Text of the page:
Arrest warrant affidavit: "I was shocked by the condition of the home"
FARMINGTON — Farmington police had two young children removed last week from a home they claim was unsanitary and unsafe.
The children's parents, Angela Horman and Michael Horman, were also each charged Friday in Farmington Magistrate Court with two counts of child abuse, a third-degree felony, due to the alleged danger the environment posed to the children.
The Hormans were released from the San Juan County Adult Detention Center on Saturday after each of them posted a $30,000 surety bond, according to court records.
Michael Horman, reached by telephone, declined to comment on Monday.
"I really do not have anything to say right now," he said.
Farmington police officers were dispatched shortly after 6 p.m. Saturday, July 18, to a house at 2905 E. 23rd St. after a neighbor, Odalys Fidueroa, reported she was concerned about two children crying inside, according to an arrest warrant affidavit.
A supervisor was immediately called to the scene after two boys, ages 2 and 3, were found naked and crying in a small room contaminated with flies and feces, the affidavit states.
An officer pulled the boys out through a window; one door leading to the room was jammed shut with a screw and another door was blocked by a bunk bed, according to the affidavit.
The older of the two boys had multiple scratches and bruises on his body, according to the affidavit.
Officers entered the residence and made contact with Angela Horman, 37, and Michael Horman, 40.
"I immediately detected an awful odor inside the home," the officer states in the affidavit. "It was overwhelming. I was shocked by the condition of the home."
The officer notes in the affidavit that trash, old food and cigarette butts covered the floors and "every inch of the home was covered in flies."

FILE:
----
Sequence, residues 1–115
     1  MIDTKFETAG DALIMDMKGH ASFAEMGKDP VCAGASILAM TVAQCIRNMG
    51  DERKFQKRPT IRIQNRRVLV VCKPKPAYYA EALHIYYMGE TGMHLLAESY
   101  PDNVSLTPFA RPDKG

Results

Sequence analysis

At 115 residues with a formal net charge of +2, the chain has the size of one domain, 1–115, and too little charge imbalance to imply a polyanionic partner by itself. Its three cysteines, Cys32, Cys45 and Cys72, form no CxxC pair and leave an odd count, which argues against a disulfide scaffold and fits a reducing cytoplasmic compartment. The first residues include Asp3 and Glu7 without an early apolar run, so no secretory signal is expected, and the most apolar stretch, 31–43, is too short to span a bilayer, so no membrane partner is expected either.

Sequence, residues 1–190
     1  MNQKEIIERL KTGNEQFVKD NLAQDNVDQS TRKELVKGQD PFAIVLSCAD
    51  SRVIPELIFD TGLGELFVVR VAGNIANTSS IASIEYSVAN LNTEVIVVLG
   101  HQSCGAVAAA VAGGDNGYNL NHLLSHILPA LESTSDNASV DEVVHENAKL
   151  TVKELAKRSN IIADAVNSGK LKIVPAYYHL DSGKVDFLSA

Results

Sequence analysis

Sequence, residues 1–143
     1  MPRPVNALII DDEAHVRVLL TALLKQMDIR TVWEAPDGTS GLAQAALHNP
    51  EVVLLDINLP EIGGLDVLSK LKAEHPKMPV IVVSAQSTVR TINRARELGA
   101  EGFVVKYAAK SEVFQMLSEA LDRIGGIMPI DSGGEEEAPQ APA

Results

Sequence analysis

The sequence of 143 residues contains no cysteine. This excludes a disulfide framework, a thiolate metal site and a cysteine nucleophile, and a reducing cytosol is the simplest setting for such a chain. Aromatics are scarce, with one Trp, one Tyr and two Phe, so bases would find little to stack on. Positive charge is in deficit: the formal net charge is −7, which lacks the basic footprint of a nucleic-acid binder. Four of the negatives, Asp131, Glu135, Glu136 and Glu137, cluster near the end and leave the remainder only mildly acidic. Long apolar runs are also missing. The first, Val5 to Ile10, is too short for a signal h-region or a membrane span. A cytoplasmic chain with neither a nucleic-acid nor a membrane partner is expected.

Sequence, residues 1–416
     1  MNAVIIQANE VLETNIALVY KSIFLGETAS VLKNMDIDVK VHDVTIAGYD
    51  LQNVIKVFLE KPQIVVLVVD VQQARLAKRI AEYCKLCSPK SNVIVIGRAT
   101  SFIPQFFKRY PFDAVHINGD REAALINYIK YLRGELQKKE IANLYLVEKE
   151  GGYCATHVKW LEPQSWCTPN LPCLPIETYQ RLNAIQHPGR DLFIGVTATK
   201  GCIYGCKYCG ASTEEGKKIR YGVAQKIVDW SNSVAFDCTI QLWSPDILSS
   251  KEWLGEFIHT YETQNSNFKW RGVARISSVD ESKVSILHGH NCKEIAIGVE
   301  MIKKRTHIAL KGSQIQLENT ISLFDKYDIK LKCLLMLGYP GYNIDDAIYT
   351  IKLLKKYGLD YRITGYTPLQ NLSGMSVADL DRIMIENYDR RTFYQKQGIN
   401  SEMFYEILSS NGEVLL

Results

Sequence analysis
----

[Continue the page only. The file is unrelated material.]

The bathroom floor, toilet and shower were covered in feces, as was a blue child's toilet seat, the affidavit states.
Officers could not find food, clean clothing, blankets or pillows for the boys, according to the affidavit.
The Hormans told an officer their landlord was to blame for the condition of the home, which they had lived in for about a year.
Fidueroa, the neighbor, watched over the children and provided them food and water while police were at the scene.
She told officers that she and her family heard the children crying and screaming constantly.
The children's grandmother arrived at the scene and told police the home was not usually that messy and also claimed the condition of the home was the landlord's fault.
The children were removed from the home by employees from New Mexico's Children, Youth and Families Department.
Helen Quintana, a spokeswoman for the department, said in an email Monday the children remain in the custody of the state.
"CYFD is investigating, however, (I) cannot comment on any other specifics on the case due to confidentiality laws," Quintana said.
Farmington police Chief Steve Hebbe thanked Fidueroa for her willingness to contact law enforcement and become involved in the situation.
"These seemingly small decisions make a big difference in the lives of our community members," he said, adding later. "Working together with the appropriate agencies, we hope the family gets the resources they need to provide a safe environment for their children."